return a.replace(/[^.0-9]/g, "") - b.replace(/[^.0-9]/g, "") }

function compareStr1(a, b) {	// compare string
  return a>b ? 1 : a<b ? -1 : 0 }

function compareStr2(a, b) {	// compare string
  if (a<b) return -1
  if (a>b) return +1
  return 0 }

function compareStr3(a, b) {	// compare string
  return a<b - a>b }

Work matching function compareStrnum really calls for the use of keys
Functions compareStr1 compareStr2 are substantially equivalent
Function compareStr3 always performs both comparisons

Comparison Efficiency

If the comparison function is not simple, it will generally be representable as a transformation of each variable (preferably by a function) followed by a comparison of transforms. Frequently it will be better to precompute keys for the items, and sort by key comparison.

Note that a sort function will be called >O(N) times when sorting an N-element array. For large arrays, therefore, it is worth doing O(N) pre/post-processing to simplify the sort function or to render one unnecessary.

Demonstration
 
For speed test, chose product of several thousand or more
  No more than 20 items will be listed

The first three items are preset.

On my PII/300 Win 98 IE4 system, pre-processing to allow use of the default .sort method showed an improvement at about 25 items and above, in this case. For 5000 items, the gain exceeded a factor of 3. On my P4/3G WinXP IE6 system, 7 items and a factor of 6.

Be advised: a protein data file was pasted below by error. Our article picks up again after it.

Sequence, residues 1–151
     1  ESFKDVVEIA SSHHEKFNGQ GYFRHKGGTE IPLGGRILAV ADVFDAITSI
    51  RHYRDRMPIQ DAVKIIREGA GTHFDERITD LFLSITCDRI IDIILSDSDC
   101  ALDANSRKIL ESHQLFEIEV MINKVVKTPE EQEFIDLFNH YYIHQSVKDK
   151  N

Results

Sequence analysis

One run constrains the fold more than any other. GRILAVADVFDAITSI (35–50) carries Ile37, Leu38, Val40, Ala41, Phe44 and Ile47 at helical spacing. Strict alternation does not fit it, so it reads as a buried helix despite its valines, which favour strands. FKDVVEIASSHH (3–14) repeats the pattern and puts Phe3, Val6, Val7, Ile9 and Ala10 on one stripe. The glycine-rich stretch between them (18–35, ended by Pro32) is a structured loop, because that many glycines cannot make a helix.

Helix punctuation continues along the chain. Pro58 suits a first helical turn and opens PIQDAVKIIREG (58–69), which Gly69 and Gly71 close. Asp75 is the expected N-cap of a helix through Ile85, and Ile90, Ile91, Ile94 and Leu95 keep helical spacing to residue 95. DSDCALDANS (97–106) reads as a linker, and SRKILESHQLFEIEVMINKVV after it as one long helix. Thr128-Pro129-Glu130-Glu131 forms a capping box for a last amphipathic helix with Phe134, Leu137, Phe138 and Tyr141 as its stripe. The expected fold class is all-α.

Sorting by Date/Time

Arrays of strings starting with date/time in an ISO 8601 format such as YYYY-MM-DD or hhmmss can be sorted directly, since alphabetical order is chronological order. Just use the .sort() / .sort().reverse() methods.

If an Array of Date Objects is processed with .sort() the dates will be put into alphabetical order of toString(). Instead, use .sort(NumCmp) where NumCmp is a comparison function as above, where the subtraction forces conversion to Number (which is trivial, as that's what a Date Object actually contains).

Build on NumCmp to sort an Array of something-including-dates.

Date Objects in the year range 2002-2285 can be converted to fixed-length strings by S = String(+D) and, after sorting, converted back by D = new Date(+S). Alternatively, use S as a key.

UK Postcode Sorting